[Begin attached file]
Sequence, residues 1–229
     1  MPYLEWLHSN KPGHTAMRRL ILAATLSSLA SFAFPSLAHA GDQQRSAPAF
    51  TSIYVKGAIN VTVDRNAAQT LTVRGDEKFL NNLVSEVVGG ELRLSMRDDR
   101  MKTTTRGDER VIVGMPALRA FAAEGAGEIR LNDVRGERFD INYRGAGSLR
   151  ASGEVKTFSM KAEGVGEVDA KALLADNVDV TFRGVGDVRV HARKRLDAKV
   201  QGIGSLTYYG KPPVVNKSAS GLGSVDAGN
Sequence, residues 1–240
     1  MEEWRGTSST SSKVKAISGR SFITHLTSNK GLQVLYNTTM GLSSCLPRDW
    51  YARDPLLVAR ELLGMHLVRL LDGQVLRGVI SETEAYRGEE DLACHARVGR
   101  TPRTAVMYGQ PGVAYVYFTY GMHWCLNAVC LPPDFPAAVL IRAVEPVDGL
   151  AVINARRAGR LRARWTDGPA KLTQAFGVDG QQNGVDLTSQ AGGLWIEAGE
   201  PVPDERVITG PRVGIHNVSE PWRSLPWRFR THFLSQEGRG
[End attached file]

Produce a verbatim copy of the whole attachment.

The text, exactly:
Sequence, residues 1–229
     1  MPYLEWLHSN KPGHTAMRRL ILAATLSSLA SFAFPSLAHA GDQQRSAPAF
    51  TSIYVKGAIN VTVDRNAAQT LTVRGDEKFL NNLVSEVVGG ELRLSMRDDR
   101  MKTTTRGDER VIVGMPALRA FAAEGAGEIR LNDVRGERFD INYRGAGSLR
   151  ASGEVKTFSM KAEGVGEVDA KALLADNVDV TFRGVGDVRV HARKRLDAKV
   201  QGIGSLTYYG KPPVVNKSAS GLGSVDAGN
Sequence, residues 1–240
     1  MEEWRGTSST SSKVKAISGR SFITHLTSNK GLQVLYNTTM GLSSCLPRDW
    51  YARDPLLVAR ELLGMHLVRL LDGQVLRGVI SETEAYRGEE DLACHARVGR
   101  TPRTAVMYGQ PGVAYVYFTY GMHWCLNAVC LPPDFPAAVL IRAVEPVDGL
   151  AVINARRAGR LRARWTDGPA KLTQAFGVDG QQNGVDLTSQ AGGLWIEAGE
   201  PVPDERVITG PRVGIHNVSE PWRSLPWRFR THFLSQEGRG